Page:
Abstract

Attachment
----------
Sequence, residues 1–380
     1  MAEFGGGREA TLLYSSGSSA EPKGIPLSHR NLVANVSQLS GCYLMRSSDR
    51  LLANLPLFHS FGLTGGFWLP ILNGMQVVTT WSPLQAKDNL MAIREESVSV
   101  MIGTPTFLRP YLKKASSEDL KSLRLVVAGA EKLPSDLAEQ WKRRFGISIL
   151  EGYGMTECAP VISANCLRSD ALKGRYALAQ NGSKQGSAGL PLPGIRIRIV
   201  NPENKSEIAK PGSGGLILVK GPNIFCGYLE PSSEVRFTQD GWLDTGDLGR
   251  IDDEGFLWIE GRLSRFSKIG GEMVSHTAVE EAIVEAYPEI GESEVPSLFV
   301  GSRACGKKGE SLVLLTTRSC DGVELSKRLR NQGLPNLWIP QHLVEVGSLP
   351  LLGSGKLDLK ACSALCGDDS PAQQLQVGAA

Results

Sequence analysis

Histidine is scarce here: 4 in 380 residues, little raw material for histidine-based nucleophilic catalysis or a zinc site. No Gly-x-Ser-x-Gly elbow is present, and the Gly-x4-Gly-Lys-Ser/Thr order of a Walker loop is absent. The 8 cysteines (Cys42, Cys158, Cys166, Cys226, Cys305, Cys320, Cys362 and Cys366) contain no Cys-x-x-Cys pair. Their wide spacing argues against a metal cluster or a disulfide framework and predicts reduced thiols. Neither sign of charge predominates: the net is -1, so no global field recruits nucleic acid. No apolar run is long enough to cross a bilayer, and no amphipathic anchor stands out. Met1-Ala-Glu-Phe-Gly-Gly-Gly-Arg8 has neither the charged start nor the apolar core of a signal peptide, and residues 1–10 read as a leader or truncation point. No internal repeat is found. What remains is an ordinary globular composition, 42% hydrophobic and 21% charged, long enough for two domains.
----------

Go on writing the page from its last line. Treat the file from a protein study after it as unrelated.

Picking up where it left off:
Engineering design problems often have open-ended requirements, especially in the early stages of development. Set-based design is a paradigm for exploring, and keeping under consideration, several alternatives so that commitment to a single design can be delayed until requirements are settled. In addition, requirements may change over the lifetime of a component or a system. Novel manufacturing technologies enable designs to be remanufactured to meet changed requirements. By considering this capability during the set-based design optimization process, solutions can be scaled to meet evolving requirements and customer specifications even after commitment. Such an ability can also support a circular economy paradigm based on the return of used or discarded components and systems to working condition. We propose a set-based design methodology to obtain scalable optimal solutions that can satisfy changing requirements through remanufacturing. We first use design optimization and surrogate modeling to obtain parametric optimal designs. This set of parametric optimal designs is then reduced to scalable optimal designs by observing a set of transition rules for the manufacturing process used (additive or subtractive). The methodology is demonstrated by means of a structural aeroengine component that is remanufactured by direct energy deposition of a stiffener to meet higher loading requirements.

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